facebook rss twitter

Review: Sapphire Radeon 9700 Pro

by Ryszard Sommefeldt on 26 October 2002, 00:00

Tags: Sapphire

Quick Link: HEXUS.net/qanw

Add to My Vault: x


In a modern GPU (graphics processing unit), things are done in parallel. That's to say that when pumping out textured and lit pixels to pop into a framebuffer then finally out to your screen, a modern GPU will work on more than one pixel at a time (per clock).

Much like a CPU like the one powering the machine you are using to read this, GPU's feature a number of pipelines, parts of the silicon that do all the operations necessary to produce the final output on your screen.

As a rule of thumb, bigger is better. The more pipelines and the more pixels that can be operated on in those pipelines, per tick of the GPU's internal clock, the faster a card will be. So the numbers can be deceiving depending on how a GPU is laid out. Take the two protagonists in this review, NV25 and R300 (GeForce4 Ti and Radeon 9700 Pro) for example.

Radeon 9700 Pro

• 8 pixel pipelines
• 1 texturing unit per pipeline

GeForce4 Ti

• 4 pixel pipelines
• 2 texturing units per pipeline

So at the same clocks, each GPU has roughly the same pixel processing power with a total of 8 textured pixels per clock possible. At 300Mhz (Ti4600 speeds), GeForce4 Ti can do 2400 million texels (textured pixels) per second in raw fillrate. At 325MHz, Radeon 9700 Pro can do 2600 million texels per second. So not much in it, less than 10% more texel fillrate in absolute terms.

In terms of raw pixel fillrate (without being passed through a texture unit), GeForce4 Ti at 300Mhz can do 1200 million pixels per second and Radeon 9700 Pro can do 2600 million pixels per second. Due to having 8 pixel pipelines over the GeForce4 Ti's 4 pipelines, raw pixel fillrate is over 200% higher on Radeon 9700 Pro.

So raw texel fillrate (the more meaningful figure) is roughly equivalent to GeForce4 Ti. Is that all that ATI can do over a product from NVIDIA that's been on the market much longer?

Of course not, there's more to just raw GPU horsepower in the performance of a modern 3D accelerator. Memory bandwidth also plays a very large part in proceedings, especially in situations where the accelerator is made to work hard, situations where the display resolution is high (meaning more texels need to be created for a given scene). Also if a number of performance sapping features are enabled such as anisotropic texture filtering (which can mean more passes through the texturing units which the Radeon 9700 Pro can do 16 times and GeForce4 Ti 2 times) or full scene antialiasing, the traditional fillrate killer where more than one copy of a scene is rendered internally before output to your screen.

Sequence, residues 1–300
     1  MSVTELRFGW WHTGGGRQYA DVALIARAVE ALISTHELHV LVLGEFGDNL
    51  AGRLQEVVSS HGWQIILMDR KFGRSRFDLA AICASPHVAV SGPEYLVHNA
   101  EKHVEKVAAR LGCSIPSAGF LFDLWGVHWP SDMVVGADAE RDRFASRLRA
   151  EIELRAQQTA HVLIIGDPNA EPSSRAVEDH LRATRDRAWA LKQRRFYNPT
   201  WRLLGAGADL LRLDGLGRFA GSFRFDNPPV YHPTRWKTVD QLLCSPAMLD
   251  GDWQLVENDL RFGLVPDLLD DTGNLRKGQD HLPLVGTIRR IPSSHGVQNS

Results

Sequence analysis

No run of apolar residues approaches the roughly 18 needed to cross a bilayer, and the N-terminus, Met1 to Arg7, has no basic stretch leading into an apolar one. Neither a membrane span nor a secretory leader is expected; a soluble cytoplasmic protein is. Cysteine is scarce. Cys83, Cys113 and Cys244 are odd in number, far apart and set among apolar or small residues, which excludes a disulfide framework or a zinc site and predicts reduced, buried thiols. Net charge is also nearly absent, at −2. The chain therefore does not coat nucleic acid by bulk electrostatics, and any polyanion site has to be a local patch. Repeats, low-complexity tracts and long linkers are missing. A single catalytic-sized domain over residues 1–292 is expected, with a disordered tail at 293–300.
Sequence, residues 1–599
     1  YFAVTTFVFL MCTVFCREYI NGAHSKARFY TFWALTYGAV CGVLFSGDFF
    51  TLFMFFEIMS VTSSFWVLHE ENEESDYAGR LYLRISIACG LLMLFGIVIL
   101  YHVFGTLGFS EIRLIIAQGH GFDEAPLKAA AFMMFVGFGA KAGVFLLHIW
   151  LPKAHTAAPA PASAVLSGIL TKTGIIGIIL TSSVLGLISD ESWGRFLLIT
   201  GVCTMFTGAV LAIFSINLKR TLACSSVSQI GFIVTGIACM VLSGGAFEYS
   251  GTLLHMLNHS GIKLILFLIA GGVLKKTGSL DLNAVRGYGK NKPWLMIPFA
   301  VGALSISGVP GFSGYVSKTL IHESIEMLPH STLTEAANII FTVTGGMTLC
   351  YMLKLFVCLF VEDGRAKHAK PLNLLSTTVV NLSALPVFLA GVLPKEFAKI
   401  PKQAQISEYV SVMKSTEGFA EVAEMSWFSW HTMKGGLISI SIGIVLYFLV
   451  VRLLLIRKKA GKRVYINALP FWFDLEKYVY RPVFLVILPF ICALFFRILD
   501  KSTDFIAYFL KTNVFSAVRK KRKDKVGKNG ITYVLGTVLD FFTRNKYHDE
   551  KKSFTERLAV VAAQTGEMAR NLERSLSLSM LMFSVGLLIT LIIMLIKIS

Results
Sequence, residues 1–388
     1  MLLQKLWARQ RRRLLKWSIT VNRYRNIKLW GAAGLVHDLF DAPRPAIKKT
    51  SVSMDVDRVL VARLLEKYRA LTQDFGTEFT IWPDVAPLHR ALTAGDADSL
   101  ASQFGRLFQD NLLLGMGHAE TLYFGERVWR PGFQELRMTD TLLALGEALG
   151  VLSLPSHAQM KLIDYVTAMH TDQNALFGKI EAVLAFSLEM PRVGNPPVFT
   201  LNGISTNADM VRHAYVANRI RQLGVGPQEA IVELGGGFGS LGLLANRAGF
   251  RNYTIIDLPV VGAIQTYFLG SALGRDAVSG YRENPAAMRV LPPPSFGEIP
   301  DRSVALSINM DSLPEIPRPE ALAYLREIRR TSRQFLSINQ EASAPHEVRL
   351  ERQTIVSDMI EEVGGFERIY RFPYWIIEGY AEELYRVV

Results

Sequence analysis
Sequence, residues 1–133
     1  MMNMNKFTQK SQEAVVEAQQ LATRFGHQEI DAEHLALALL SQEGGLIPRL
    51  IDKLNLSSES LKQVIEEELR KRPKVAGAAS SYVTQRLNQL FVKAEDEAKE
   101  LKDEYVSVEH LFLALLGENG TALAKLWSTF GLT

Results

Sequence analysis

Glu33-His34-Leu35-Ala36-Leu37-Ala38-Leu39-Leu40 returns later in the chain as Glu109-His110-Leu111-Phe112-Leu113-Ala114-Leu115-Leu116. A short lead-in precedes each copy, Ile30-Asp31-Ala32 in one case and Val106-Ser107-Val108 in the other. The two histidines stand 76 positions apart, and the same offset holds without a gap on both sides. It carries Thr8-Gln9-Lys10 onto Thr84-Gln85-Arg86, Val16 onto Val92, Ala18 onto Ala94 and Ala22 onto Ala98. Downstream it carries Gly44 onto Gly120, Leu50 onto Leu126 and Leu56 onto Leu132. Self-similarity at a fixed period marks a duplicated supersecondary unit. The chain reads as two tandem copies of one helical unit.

So in terms of memory bandwidth, what do our two fist fighters in todays review have to lay on the table?

Radeon 9700 Pro

• 256-bit memory bus width
• 620MHz (310MHz DDR) memory clock frequency

GeForce4 Ti(4600)

• 128-bit memory bus width
• 650MHz (325MHz DDR) memory clock frequency

To work out card bandwidth based on those figures, employ the following formula:

(bus width / 8) * memory clock frequency
That gives you a number in MBytes/sec (the division by 8 converts from bits to bytes) and if you then divide by 1024 (the number of MBytes in a GByte) you get a workable figure in GB/sec. For Radeon 9700 Pro this works out at 19.4GB/sec of raw memory bandwidth, close to double the 10.2GB/sec of GeForce4 Ti in Ti4600 configuration with 650MHz memory frequency.

Now that's a peak memory bandwidth figure, the maximum the hardware could possibly achieve under perfect rendering conditions. Common sense dictates that it will never be the case that peak memory bandwidth will be utilised. Overheads doing certain types of texel operation, certain reads and writes from card memory (not to mention to and from AGP memory) and the more usual issues in terms of memory bandwith utilisation with regards to pixel/texel overdraw all seek to leech bandwidth from that perfect figure and give you a lot less 'effective' bandwidth to play with.

Taking that information, an accelerator that can theoretically run high peak bandwidth figures can easily have less effective bandwidth than an accelerator providing a lower bandwidth peak.

It's all about how you make use of your peak bandwidth and get the most out of it. Let's talk about that a little.